Journal article

Island of opportunity: can New Guinea protect amphibians from a globally emerging pathogen?

Deborah S Bower, Karen R Lips, Yolarnie Amepou, Stephen Richards, Chris Dahl, Elizah Nagombi, Miriam Supuma, Lisa Dabek, Ross A Alford, Lin Schwarzkopf, Mark Ziembicki, Jeffrey N Noro, Amir Hamidy, Graeme R Gillespie, Lee Berger, Carla Eisemberg, Yiming Li, Xuan Liu, Charlotte K Jennings, Burhan Tjaturadi Show all

FRONTIERS IN ECOLOGY AND THE ENVIRONMENT | WILEY | Published : 2019

Abstract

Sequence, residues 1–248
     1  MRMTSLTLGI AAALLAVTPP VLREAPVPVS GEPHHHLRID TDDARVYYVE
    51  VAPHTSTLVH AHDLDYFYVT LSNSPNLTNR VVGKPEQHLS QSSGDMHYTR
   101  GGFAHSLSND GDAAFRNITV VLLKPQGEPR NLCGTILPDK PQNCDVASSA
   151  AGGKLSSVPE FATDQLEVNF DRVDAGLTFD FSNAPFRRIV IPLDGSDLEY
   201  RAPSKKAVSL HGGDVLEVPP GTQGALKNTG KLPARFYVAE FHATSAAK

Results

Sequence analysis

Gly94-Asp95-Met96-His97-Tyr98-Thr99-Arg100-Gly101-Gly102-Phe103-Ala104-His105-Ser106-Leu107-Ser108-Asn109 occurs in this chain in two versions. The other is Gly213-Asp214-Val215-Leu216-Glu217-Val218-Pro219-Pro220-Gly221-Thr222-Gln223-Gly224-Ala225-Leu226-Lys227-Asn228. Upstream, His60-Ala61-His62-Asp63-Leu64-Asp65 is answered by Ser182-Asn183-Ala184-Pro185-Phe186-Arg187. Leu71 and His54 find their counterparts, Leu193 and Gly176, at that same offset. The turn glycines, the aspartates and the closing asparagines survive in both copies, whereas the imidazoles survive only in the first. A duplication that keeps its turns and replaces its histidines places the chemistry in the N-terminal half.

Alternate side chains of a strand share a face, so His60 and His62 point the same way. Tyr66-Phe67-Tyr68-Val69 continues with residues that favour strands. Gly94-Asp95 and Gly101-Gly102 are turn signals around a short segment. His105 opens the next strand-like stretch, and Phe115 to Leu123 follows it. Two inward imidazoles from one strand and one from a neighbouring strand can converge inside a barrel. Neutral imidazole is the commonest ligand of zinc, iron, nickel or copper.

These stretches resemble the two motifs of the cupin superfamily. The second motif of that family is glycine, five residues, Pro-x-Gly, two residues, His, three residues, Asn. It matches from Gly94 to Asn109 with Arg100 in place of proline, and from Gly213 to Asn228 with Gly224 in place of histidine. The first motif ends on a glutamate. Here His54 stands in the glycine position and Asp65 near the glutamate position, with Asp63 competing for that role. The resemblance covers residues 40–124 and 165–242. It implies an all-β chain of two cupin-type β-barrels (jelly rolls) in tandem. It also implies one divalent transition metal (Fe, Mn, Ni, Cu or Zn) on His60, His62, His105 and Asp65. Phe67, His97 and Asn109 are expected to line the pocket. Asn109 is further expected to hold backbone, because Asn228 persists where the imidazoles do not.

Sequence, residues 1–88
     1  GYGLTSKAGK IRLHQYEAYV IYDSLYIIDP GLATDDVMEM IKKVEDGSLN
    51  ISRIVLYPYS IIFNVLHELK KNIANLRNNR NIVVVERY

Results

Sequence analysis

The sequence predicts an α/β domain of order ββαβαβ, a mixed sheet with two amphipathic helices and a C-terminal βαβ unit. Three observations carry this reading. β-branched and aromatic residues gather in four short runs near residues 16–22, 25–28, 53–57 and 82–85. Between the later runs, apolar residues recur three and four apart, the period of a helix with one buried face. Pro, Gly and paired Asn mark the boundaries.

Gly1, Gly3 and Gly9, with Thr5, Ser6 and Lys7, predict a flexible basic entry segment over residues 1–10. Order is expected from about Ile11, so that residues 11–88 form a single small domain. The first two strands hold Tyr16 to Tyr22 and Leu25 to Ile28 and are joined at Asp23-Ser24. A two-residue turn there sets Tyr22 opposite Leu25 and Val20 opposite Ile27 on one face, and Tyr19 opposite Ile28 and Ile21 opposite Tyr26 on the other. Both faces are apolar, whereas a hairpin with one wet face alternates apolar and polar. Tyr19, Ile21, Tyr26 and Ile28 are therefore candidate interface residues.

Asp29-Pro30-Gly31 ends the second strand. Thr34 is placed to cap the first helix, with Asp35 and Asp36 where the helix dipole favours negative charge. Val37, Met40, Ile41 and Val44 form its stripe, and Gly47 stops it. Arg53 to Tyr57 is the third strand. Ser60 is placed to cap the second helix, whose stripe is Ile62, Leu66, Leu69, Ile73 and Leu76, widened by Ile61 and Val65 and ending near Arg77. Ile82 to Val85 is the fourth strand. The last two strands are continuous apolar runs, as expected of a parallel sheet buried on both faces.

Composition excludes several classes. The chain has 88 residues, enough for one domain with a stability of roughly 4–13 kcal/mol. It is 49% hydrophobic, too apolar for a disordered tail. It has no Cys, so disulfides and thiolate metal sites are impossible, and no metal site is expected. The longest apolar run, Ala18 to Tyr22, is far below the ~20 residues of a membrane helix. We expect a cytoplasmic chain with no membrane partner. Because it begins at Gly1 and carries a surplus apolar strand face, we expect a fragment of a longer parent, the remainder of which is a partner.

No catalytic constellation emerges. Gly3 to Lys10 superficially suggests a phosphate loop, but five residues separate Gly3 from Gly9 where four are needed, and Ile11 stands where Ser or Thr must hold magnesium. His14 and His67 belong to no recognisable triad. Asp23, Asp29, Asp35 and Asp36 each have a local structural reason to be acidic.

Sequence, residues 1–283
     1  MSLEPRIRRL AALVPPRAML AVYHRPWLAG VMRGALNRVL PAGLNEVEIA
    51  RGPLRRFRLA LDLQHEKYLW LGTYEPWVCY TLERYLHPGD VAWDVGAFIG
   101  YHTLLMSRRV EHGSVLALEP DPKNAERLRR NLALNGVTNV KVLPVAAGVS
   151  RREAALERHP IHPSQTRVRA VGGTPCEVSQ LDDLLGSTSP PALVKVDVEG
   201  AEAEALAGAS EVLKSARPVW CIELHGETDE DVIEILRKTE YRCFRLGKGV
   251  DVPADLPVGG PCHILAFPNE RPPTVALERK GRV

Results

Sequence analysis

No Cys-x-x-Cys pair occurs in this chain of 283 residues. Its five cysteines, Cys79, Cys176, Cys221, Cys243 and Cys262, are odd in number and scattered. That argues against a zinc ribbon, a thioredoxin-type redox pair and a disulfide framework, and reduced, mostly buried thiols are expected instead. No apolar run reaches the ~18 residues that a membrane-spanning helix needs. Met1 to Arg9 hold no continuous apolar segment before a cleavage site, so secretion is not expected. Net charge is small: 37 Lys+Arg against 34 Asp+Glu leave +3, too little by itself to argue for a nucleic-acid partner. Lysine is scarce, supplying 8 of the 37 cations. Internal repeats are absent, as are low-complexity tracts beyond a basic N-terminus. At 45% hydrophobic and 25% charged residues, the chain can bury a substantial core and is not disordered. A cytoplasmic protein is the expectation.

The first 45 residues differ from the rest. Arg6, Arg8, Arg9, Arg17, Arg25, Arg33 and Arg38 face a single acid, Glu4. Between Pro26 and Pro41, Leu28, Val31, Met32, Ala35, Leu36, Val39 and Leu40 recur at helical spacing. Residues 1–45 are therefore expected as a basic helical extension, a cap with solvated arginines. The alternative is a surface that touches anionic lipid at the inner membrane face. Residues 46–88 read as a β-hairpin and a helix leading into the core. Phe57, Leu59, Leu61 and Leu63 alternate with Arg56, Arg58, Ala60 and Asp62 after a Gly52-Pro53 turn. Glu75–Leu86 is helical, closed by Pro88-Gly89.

The amphibian chytrid fungus Batrachochytrium dendrobatidis (chytrid) has caused the most widespread, disease-induced declines and extinctions in vertebrates recorded to date. The largest climatically suitable landmass that may still be free of this fungus is New Guinea. The island is home to a sizeable proportion of the world's known frog species (an estimated 6%), as well as many additional, yet-to-be-described species. Two decades of research on the chytrid fungus have provided a foundation for improved management of amphibian populations. We call for urgent, unified, international, multidisciplinary action to prepare for the arrival of B dendrobatidis in New Guinea, to prevent or slow it..

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